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i say number 1. jack spencer.[ applause ] >> thank you terry. thank you doctor holmes and mrs. james. thank you very much. good morning and thank you for being here today. it is an exciting day here at heritage and for me personally. as a vice president for the institute of economic freedom, i hold dear to the principles indicated by the index and i'm happy to be part of it today. literally people from around the world for two our findings each and every year. and they wait with anticipation every year. what the index measures under the umbrella of economic freedom are 12 variables that provide a real-life assessment of economic health and vitality of each and every nation. morley, they are concerned when they drop, and they should be.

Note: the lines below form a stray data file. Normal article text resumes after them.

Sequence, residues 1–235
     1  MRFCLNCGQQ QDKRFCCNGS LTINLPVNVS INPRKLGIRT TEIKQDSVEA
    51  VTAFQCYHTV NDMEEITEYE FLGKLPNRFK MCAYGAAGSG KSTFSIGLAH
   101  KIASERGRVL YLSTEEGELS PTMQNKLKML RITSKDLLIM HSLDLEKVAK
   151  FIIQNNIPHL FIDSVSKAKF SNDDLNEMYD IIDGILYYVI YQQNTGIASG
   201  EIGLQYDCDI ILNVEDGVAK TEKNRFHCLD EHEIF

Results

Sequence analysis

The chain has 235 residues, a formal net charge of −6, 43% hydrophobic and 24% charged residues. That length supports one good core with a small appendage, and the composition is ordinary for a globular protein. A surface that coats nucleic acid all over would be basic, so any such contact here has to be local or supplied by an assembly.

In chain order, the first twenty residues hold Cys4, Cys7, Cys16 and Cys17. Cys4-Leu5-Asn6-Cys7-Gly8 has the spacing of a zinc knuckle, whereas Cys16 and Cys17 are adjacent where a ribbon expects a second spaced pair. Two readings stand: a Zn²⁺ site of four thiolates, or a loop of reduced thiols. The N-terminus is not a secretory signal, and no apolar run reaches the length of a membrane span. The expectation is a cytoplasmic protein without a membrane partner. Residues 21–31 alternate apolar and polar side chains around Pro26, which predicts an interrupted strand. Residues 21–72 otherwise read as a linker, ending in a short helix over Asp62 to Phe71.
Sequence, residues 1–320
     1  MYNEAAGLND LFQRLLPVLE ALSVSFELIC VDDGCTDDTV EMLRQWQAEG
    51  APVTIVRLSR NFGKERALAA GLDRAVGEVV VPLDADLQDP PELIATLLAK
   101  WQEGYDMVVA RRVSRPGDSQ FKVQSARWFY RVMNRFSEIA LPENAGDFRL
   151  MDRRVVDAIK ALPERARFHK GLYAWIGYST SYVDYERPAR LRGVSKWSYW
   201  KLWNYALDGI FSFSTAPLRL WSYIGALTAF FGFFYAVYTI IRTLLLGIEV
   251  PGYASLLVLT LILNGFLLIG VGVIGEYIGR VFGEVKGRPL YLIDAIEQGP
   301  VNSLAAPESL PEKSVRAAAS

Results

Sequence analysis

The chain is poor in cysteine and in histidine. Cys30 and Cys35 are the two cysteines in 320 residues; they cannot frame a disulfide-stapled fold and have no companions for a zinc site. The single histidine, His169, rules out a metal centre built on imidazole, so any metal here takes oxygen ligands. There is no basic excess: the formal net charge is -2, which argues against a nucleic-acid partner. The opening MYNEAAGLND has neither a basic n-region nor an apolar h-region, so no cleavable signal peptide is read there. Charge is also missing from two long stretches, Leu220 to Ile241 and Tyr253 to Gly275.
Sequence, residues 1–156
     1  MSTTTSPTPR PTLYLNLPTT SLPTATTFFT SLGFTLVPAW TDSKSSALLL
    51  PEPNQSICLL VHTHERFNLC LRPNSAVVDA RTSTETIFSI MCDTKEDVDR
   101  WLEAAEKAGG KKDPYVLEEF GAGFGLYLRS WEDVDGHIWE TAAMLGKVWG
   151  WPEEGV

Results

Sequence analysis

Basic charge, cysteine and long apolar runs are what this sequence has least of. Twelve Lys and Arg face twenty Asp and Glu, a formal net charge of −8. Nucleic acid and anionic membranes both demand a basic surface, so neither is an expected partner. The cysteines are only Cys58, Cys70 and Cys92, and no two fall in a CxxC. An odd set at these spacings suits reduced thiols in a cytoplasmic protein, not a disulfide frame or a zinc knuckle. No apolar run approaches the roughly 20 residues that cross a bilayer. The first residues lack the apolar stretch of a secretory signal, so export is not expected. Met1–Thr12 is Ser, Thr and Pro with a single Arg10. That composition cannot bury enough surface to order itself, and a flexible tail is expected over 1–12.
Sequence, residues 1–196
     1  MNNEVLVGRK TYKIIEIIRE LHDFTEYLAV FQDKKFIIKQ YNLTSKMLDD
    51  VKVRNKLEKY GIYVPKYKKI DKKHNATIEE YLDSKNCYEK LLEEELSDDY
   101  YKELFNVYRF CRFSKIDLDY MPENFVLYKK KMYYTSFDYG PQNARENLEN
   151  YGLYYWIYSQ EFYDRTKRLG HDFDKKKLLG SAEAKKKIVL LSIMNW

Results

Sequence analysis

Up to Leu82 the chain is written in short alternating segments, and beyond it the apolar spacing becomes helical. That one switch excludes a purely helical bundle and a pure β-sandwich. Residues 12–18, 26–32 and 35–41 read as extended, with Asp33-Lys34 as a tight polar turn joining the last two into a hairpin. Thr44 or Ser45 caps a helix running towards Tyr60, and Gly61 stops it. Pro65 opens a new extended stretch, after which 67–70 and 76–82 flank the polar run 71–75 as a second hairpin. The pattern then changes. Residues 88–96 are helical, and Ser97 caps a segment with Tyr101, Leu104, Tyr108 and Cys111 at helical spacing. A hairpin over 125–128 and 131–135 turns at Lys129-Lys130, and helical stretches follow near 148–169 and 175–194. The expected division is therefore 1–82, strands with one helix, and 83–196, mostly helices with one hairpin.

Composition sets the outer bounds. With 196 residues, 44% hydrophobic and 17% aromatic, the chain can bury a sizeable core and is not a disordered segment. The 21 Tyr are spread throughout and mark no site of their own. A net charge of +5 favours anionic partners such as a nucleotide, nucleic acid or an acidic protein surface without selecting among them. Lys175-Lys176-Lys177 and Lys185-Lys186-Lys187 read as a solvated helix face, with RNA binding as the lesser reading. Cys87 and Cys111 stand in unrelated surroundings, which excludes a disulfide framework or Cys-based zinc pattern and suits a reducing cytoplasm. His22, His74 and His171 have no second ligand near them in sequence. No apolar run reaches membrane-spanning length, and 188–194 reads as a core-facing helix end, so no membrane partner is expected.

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the united states is no exception and over the past 13 years except for 2016, the u.s. has been on a downward trajectory in. in 2010, our economy was mostly free, and it fell out of the top 10. our economy was weighed down by high levels of government spending and burdensome taxation. the toll that it took on the economy was not just the radical. we had less choice on healthcare, banking and finance, and we had less money in our pocket as he economic growth slowed, and we was forced to buy things that we did want and there was fewer jobs. how would only drop to 18th was quite a miracle. with the election of donald trump, things began to change. the regulatory burden began to ease. in fact when it comes to significant rules, those that cost over $100 million a year, the trump adminstration issue